Regarding 'Umbrellas', you might not have used the term perjoratively, but to say that you enjoyed its melodrama is faint praise because the intention of melodrama would be to incite emotions.

unreceivedopinioin said...

I guess what interests me here, Alex, is what you meant when you said you enjoyed the melodrama of the story, and in particular, how you enjoyed it. Do you know what I mean?

Alex Barrett said...

To be honest, I don't really know what you mean - and I'm not entirely sure what you're getting at here... From what I can tell, you seem to object simply because I've used the word 'melodrama', which you feel I've used incorrectly, without much thought. (This, don't forget, in a post in which I clearly outline that not much thought had gone into it!). But I had a reason for using melodrama rather than drama, which I've tried to explain above. I'll try and answer your questions about what I enjoyed and attempt to clarify it further...

I enjoyed it because I was caught up in the emotional thrust, engaged with the characters, and wanted to know what was going to happen next. So, in this respect, I could have said I enjoyed the drama, but to me Umbrellas falls into melodrama due to the way it's presented and portrayed. I didn't find it realistic - the situations and emotions weren't believable to me. They were heightened for emotional impact, or to return to the Wikipedia quote from above: it 'exaggerates plot and characters in order to appeal to the emotions' - and therefore (in my opinion) falls into melodrama rather than drama. Sure, it's true that not all drama is realistic, that some of it openly appeals to emotions - there's a fine line between drama and melodrama, but for me a good drama is ultimately more grounded in reality, whereas a good melodrama need not be realistic to be enjoyable.

It might be worth noting that I've again said melodrama, and not melodramatic - if we're splitting hairs, I think it could be argued that there is a distinction between 'melodrama' (generic) and 'melodramatic' (pejorative) - though that might be a personal distinction that only I make.

unreceivedopinioin said...

Thanks for this reply, Alex. I appreciate it.

It's that fine line between drama and melodrama that concerns me, I think, especially given the term's perjorative overtones (which are present whether we intend them or not, unfortunately).

One purpose of 'realism' is as a strategy to make the narrative more convincing or credible and therefore more effective, but it's not the only strategy available, is it? And a story can be convincing without also being realistic, can't it?

I'm still a bit puzzled how one can be "caught up in the emotional thrust" of a story whose situations and emotions you don't find believable. Seems like a contradiction. Or maybe, as you say, it's just that the music repelled you. Nothing we can do about that. For me, the music is some of the most gorgeous in cinema, supple, light, and very poignant.

Alex Barrett said...

Last year I wrote a post about the distinction between what I term 'truth' and 'reality' ( – so in those terms, yes, something can definitely be convincing without being 'realistic'… though, in a sense, this is a different issue from the original question posed about drama versus melodrama. Not all dramas are 'truthful', and in theory there's no reason why a melodrama couldn't be 'truthful' (or, in this sense, 'convincing'), while still being exaggerated and unrealistic. Furthermore, films like 'Ordet' or 'The Seventh Seal' are classifiable as dramas, while containing non-realistic elements. But what distinguishes them from melodrama is their thorough grounding in psychological, emotional and existential realism (for want of a better word). To return to Umbrellas: its music, its colours, its camera movement and its sentimentality all conspire to something much more over the top (and that's to say nothing of its narrative or its characters). It feels exaggerated, designed to pull on our heart strings. Compare it to another musical romance: 'New York, New York'. I hate the music there too, but I love the film. And, despite its expressionistic use of sets (think of the fake train, for instance), it's still much more firmly rooted in emotional reality (to me NYNY is a drama, though I'd have no issues if someone else classed it as melodrama).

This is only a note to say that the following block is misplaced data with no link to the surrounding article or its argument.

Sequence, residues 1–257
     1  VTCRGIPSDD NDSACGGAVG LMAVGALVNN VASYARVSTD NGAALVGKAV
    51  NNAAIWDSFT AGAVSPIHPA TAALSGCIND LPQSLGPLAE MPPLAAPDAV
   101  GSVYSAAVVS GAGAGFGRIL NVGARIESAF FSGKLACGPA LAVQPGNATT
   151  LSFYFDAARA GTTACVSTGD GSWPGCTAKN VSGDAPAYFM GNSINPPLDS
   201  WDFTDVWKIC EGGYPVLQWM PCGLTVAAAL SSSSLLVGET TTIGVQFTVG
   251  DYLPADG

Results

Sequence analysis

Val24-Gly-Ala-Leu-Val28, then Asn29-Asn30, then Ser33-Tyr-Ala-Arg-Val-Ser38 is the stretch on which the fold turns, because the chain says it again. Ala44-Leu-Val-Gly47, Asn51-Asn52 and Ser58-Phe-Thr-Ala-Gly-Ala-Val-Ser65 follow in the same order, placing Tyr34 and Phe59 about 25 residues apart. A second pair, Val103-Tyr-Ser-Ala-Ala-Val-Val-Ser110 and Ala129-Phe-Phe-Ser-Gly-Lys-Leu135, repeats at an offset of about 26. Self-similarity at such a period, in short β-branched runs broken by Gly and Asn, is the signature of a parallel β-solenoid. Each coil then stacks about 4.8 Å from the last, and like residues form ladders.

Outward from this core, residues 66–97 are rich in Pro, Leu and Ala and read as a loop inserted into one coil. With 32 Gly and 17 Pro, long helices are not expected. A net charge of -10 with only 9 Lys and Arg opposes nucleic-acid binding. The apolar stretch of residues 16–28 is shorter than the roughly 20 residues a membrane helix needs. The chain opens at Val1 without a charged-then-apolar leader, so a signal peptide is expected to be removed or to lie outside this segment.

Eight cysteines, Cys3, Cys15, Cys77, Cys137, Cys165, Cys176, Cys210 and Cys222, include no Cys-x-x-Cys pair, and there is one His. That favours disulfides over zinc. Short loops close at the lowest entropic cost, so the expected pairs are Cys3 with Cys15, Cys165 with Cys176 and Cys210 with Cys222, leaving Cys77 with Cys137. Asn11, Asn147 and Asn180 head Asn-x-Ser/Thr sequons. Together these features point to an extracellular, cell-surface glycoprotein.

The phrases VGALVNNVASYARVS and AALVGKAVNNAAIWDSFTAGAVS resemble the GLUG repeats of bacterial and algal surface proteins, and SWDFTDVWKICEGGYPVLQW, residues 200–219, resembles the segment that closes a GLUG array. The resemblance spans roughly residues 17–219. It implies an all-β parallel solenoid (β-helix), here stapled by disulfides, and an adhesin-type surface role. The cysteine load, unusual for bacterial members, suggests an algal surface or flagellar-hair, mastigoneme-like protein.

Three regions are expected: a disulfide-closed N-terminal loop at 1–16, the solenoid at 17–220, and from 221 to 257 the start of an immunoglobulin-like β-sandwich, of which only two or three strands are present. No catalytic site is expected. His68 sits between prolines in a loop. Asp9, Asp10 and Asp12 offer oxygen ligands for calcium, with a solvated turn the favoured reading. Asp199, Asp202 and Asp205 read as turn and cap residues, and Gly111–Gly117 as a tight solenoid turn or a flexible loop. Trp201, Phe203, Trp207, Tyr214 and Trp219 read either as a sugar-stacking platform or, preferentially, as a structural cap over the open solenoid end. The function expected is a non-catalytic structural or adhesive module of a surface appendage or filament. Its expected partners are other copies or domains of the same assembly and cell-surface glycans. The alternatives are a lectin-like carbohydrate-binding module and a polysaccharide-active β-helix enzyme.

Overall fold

And it's very easy to get caught up in a film which is specifically designed to appeal to your emotions… To take another example, surely we've all seen bad action films which excite us, despite the fact that we don't buy into them for one second? That's the power of filmmaking.

I fear we're in danger of going in circles here, so if you'd like to continue this over a drink one night I feel it would be much more time efficient!

Parkino said...

Yes, we're going round in circles here. Nothing wrong with that. We're circling an issue, several issues. That is a discussion.

One thing became clear in your last repy though: there were very real perjorative undertones in your use of the term 'melodrama'. It was certainly faint praise. But that's also okay. I don't have a problem with that - I was principally interested in the issues raised.

Regarding 'Umbrellas', you should take another look at the closing sequence at the garage. Very sober. Dare I say, truthful. And beautifully realised.

(I'm sure Scorsese would agree.)

Alex Barrett said...

It should be clear from my post that I'm slightly ambivalent about Umbrellas, but I still maintain that I wasn't using 'melodrama' pejoratively. If I had written that I enjoyed the 'drama' of the story, would you be accusing me of using 'drama' pejoratively? To me, melodrama is a genre as much as anything else. If you read my use of the term in a pejorative light – despite the fact that I originally used it in a sentence which described what I liked about the film – I'm inclined to think that says more about your biases towards the word than anything I've actually said! Perhaps it's true that there are many people who use it pejoratively, but I'm not one of them (well, certainly not here anyway). Many melodramas are highly regarded (think of the films of Douglas Sirk, for instance), but still referred to as melodramas – the term does not, in my opinion, contain pejorative connotations by default.

unreceivedopinioin said...

Okay, so now I've really annoyed you, which wasn't my intention. Or maybe it was ... are we really always (or ever) aware of our true intentions?

Alex Barrett said...

Sorry, didn't mean to come across as annoyed – just having a busy week and not sure where we're getting with this!

unreceivedopinioin said...

You're a good lad, Alex.

unreceivedopinioin said...